Saturday, January 16, 2010

Five best books on hypochondria

Brian Dillon was born in Dublin in 1969. His first book, the memoir In the Dark Room, won the 2006 Irish Book Award for nonfiction. The U.K. editor of Cabinet, a quarterly of art and culture based in New York, Dillon is a research fellow at the University of Kent. His new book, The Hypochondriacs: Nine Tormented Lives, is due out in February.

At the Wall Street Journal, he named a five best list of books about hypochondria. One title on the list:
The Magic Mountain
by Thomas Mann
Knopf, 1927

Tuberculosis was the modish ailment of the late 19th and early 20th centuries. Its wide-eyed, pallid victims were romanticized as exquisite, attractive and, above all, interesting. Thomas Mann's "The Magic Mountain," first published in Germany in 1924, is a penetrating and ironic analysis of the TB craze and more broadly of the intellectual and class pretensions involved in hypochondriacal wish-fulfillment. The novel's hero, Hans Castorp, travels to a Swiss sanatorium to visit his tubercular cousin Joachim. Finding himself "in possession of a first-class cold," Hans is swiftly drawn into the culture of picturesque debility that prevails there. Examinations are scheduled, Hans is given precise instructions for taking his temperature and he eventually is told that he, too, has TB. Good health now seems an aberration of youth and sickness an aristocratic ritual, "a state almost amounting to beatification."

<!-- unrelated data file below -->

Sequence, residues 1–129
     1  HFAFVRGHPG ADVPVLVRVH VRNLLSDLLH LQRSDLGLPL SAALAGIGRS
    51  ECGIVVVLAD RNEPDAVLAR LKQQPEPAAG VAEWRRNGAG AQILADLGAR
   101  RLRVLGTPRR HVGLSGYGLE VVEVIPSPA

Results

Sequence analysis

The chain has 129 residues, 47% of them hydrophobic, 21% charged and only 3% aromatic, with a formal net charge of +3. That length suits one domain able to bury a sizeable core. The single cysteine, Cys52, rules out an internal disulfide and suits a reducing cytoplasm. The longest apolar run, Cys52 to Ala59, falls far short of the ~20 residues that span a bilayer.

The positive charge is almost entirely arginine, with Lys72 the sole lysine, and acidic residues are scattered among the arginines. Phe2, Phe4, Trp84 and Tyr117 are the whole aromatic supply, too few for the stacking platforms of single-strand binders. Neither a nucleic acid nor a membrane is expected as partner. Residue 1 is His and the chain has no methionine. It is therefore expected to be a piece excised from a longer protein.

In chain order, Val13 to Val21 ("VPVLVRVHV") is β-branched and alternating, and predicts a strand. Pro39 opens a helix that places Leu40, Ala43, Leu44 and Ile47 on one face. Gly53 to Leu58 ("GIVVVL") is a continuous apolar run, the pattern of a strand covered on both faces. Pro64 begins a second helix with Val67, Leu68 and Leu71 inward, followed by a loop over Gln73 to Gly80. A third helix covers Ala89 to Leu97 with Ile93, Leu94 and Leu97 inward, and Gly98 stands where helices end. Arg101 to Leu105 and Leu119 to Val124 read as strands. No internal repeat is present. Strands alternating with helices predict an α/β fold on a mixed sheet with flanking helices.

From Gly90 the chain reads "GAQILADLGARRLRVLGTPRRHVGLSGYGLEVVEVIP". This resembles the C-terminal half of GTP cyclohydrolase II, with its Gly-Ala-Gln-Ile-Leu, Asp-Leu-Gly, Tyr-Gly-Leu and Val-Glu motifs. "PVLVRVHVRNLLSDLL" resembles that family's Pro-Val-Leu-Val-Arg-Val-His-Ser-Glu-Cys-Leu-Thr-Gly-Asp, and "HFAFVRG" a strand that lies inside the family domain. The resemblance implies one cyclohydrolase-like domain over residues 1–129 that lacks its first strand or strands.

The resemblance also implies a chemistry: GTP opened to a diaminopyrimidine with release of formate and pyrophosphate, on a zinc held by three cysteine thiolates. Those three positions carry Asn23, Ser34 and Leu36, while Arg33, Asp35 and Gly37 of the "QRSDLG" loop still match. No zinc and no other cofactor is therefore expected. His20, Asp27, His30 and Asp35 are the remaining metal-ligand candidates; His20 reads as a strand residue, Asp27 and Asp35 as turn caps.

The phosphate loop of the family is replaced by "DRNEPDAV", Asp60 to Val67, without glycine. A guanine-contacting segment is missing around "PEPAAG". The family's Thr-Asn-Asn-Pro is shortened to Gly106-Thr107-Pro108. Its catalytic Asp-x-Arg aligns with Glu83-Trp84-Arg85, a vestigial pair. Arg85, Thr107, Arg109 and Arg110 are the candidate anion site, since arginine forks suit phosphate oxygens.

Read about the other books on the list.

According to Philip Roth, there are not many novels that take illness as their main subject.

--Marshal Zeringue